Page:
Saturday, 2 April 2011

The Submission - No Man's Land E.P.

It is often said that sometimes the very best in people comes out in times of adversity. If that's the case, then one would expect this EP to be a gold-plated, sparkling diamond of musical genius and genre-defining mastery that reconfigures your very perceptions of music as an art form. Or at least to have some pretty ace tunes on it. Now that The Submission are back on the circuit, it's easy to forget that it wasn't long ago that the very existance of the band was in doubt, and this EP is a product of those sour sessions. Produced just over a year ago, it's the last recorded output featuring drummer Stu Cavell, who departed in acrimonious circumstances a few months later. Tensions were high, gigs were sparse and the future was uncertain. So, is this a record that gathers that ill-feeling together into a titanic super-record bursting with epic catharsis?

Erm, no.

In fact, the more I listen to it, the more it becomes clear to me that, rather than being a medium to vent the frustration hanging in the air, it's more just a snapshot of a rather negative moment in time. The recordings feel flat and jaded, as if reflecting the circumstances; rather than rising above the negativity, the EP tends to drag it's heels and wallow in it instead. The production values aren't quite up to Rich Harris' stellar standards, with the drums in particular sounding flakey and insubstantial, like a toy drumkit or some chocolate box tins. Rich's vocals themselves also suffer, with some of the trademark livewire crackle and spark missing from the vocal lines, and choruses that were intended to soar majestically just end up sputtering pathetically off the ground.

What stops this record from being anything other than an unnessecerily well-packaged drinks coaster are the songs themselves, which are very good. They eschew the familiar classic punk rock template and take on a distinctly folksy approach, as if Rich spent most of the sessions listening to old Flogging Molly and Pogues records. So there's plenty of chaotically fast drumbeats and gang-vocal choruses, and when this is married to Rich's strong ear for melody and chord progressions, you have a matrimony to last a lifetime. 'Wake Up' in particular sounds like an early Flogging Molly demo with less instrumentation. The highlight of the E.P. is the title track, which opens with a haunting solo ballad section piped through what sounds like an old gramaphone record, with Rich's yearning vocal lines sounding particularly effective. However, this is The Submission we're talking about, so it should be no surprise that the lighters-in-the-air balladry doesn't last that long, before the whole song takes a nitrous oxide bottle up the sphincter and roars into chaotically fast folk-punk mayhem, but the fact that it never looses it's soul alleviates it above other attempts at this style of music - yup, turns out these punk rockers can turn out a half-decent love song, too. A decent version of Eddy Grant's 'Police on my Back' done in Clash style bookends the disc, with bassist and unsung heroine of the piece Sadie Williams particularly enjoying herself on the chorus runs.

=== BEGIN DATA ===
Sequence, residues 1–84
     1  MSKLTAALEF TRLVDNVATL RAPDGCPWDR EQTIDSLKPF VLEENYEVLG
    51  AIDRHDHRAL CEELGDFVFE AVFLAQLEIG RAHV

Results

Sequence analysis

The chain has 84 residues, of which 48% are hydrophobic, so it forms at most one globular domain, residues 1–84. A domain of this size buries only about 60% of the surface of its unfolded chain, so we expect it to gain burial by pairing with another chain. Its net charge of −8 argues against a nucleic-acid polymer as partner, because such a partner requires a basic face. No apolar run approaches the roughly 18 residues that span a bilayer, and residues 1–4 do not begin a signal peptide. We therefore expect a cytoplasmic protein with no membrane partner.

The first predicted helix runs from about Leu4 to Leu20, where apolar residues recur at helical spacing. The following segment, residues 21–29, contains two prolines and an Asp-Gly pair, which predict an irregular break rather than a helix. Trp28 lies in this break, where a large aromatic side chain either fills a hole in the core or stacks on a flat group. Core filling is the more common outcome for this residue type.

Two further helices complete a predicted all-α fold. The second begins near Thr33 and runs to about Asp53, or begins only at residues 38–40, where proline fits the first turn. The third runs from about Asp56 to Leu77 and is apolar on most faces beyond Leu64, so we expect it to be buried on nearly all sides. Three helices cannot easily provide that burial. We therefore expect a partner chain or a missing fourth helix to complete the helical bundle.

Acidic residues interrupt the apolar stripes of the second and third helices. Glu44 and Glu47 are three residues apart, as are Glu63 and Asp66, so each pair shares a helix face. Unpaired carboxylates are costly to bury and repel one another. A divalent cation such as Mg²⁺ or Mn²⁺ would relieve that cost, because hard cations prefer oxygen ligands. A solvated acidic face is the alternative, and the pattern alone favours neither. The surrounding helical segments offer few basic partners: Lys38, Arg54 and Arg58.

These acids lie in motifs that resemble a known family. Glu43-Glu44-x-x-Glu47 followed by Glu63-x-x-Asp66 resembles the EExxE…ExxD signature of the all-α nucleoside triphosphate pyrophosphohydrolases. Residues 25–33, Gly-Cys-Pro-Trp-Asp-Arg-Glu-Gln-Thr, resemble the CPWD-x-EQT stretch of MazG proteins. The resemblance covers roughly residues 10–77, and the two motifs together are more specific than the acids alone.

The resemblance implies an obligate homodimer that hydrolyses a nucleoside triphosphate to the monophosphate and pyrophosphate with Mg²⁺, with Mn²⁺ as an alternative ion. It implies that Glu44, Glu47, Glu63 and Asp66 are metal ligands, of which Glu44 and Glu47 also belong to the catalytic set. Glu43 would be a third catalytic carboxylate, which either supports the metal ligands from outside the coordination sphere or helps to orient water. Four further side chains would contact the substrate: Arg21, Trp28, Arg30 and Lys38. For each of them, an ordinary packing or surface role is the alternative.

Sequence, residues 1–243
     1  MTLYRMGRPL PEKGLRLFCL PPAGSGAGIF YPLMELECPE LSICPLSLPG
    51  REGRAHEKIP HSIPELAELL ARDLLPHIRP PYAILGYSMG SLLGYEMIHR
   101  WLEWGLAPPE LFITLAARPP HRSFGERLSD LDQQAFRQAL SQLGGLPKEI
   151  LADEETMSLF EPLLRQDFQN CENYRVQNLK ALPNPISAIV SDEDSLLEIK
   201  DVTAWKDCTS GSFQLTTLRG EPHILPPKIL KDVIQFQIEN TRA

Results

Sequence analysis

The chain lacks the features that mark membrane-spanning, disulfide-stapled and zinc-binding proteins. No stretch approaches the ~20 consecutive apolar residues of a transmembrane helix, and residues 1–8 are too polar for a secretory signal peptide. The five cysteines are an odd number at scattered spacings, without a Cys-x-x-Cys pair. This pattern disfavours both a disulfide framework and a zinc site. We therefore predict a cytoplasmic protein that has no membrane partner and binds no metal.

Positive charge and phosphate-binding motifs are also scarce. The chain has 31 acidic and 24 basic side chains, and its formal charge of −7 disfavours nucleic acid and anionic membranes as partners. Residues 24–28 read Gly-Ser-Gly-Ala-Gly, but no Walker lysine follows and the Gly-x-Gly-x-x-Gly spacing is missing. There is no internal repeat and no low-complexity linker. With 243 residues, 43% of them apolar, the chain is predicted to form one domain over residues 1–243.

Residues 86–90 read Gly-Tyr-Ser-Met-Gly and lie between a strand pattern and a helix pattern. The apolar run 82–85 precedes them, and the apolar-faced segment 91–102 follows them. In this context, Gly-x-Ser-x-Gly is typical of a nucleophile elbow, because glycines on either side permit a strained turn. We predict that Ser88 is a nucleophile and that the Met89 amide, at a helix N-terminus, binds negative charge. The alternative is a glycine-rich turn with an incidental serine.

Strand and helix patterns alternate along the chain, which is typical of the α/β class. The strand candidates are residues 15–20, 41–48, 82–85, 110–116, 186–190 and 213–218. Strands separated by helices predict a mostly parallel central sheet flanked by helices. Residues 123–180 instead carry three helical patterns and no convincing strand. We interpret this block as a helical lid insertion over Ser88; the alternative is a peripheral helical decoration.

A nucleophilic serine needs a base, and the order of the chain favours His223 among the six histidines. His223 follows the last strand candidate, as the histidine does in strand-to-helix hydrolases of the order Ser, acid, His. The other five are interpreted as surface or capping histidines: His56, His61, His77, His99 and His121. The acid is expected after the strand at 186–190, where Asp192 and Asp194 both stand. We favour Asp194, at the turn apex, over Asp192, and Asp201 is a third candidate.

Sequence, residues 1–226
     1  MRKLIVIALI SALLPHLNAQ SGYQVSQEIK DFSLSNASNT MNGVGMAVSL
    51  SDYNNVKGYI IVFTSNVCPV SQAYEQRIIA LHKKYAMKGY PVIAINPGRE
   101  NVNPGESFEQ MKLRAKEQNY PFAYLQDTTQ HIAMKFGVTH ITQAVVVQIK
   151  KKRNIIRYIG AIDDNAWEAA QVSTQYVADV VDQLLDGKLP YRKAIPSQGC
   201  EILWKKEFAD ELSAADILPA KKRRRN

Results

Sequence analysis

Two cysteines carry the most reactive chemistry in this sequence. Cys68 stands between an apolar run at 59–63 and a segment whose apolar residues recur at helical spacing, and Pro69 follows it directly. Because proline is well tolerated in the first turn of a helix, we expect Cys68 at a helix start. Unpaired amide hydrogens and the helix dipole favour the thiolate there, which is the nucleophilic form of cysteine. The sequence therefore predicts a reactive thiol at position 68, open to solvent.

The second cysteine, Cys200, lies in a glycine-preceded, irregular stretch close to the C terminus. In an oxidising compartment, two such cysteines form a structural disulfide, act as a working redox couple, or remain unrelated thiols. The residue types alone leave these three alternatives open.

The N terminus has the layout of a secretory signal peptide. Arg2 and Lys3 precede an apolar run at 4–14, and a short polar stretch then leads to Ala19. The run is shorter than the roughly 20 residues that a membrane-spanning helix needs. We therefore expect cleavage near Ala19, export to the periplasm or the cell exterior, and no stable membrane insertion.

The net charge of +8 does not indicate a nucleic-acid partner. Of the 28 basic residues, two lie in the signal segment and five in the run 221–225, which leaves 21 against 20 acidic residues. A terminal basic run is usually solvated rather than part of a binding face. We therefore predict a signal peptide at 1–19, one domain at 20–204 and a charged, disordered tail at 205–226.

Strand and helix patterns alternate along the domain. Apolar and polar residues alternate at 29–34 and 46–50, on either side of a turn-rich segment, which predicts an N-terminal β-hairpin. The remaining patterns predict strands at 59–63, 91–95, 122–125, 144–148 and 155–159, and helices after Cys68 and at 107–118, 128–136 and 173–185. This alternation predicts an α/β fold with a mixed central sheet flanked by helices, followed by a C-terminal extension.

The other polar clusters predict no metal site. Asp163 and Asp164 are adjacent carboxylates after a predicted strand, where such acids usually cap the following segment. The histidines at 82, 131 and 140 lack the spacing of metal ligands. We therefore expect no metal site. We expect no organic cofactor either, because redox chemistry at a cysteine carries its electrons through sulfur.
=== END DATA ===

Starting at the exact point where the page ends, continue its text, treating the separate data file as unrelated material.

Overall, there's just something a bit disappointing about the record - it's not bad, just let down by the fact we know that they can do better, and have done since then. It's a product of it's environment, and now that the band have moved on from those days, it serves as a signpost of where they were at that particular point in time. The fact that the two originals on here are still worthy of your attention just prooves their strength as songwriters, and if you can find a copy, it's still worth a look.

Rating: 71%
Standout Track: 'No Man's Land'.

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